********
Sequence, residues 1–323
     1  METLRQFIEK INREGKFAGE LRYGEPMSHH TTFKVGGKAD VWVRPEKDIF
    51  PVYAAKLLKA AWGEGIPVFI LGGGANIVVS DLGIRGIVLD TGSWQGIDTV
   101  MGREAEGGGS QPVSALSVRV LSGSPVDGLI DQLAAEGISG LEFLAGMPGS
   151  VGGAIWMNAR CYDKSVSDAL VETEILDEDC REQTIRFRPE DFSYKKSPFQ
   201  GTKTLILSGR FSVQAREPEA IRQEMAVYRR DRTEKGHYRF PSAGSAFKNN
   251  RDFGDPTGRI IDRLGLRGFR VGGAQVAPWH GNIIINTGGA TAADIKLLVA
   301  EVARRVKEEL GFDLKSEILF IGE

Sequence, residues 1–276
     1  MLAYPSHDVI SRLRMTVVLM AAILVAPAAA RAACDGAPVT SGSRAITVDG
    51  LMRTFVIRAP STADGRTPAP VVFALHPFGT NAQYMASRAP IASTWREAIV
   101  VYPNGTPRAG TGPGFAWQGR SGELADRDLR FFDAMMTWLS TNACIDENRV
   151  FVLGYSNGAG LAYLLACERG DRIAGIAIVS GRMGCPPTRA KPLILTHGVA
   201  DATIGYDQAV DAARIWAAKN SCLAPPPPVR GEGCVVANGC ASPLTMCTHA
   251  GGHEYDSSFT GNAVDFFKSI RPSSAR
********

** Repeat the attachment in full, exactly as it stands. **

Sequence, residues 1–323
     1  METLRQFIEK INREGKFAGE LRYGEPMSHH TTFKVGGKAD VWVRPEKDIF
    51  PVYAAKLLKA AWGEGIPVFI LGGGANIVVS DLGIRGIVLD TGSWQGIDTV
   101  MGREAEGGGS QPVSALSVRV LSGSPVDGLI DQLAAEGISG LEFLAGMPGS
   151  VGGAIWMNAR CYDKSVSDAL VETEILDEDC REQTIRFRPE DFSYKKSPFQ
   201  GTKTLILSGR FSVQAREPEA IRQEMAVYRR DRTEKGHYRF PSAGSAFKNN
   251  RDFGDPTGRI IDRLGLRGFR VGGAQVAPWH GNIIINTGGA TAADIKLLVA
   301  EVARRVKEEL GFDLKSEILF IGE

Sequence, residues 1–276
     1  MLAYPSHDVI SRLRMTVVLM AAILVAPAAA RAACDGAPVT SGSRAITVDG
    51  LMRTFVIRAP STADGRTPAP VVFALHPFGT NAQYMASRAP IASTWREAIV
   101  VYPNGTPRAG TGPGFAWQGR SGELADRDLR FFDAMMTWLS TNACIDENRV
   151  FVLGYSNGAG LAYLLACERG DRIAGIAIVS GRMGCPPTRA KPLILTHGVA
   201  DATIGYDQAV DAARIWAAKN SCLAPPPPVR GEGCVVANGC ASPLTMCTHA
   251  GGHEYDSSFT GNAVDFFKSI RPSSAR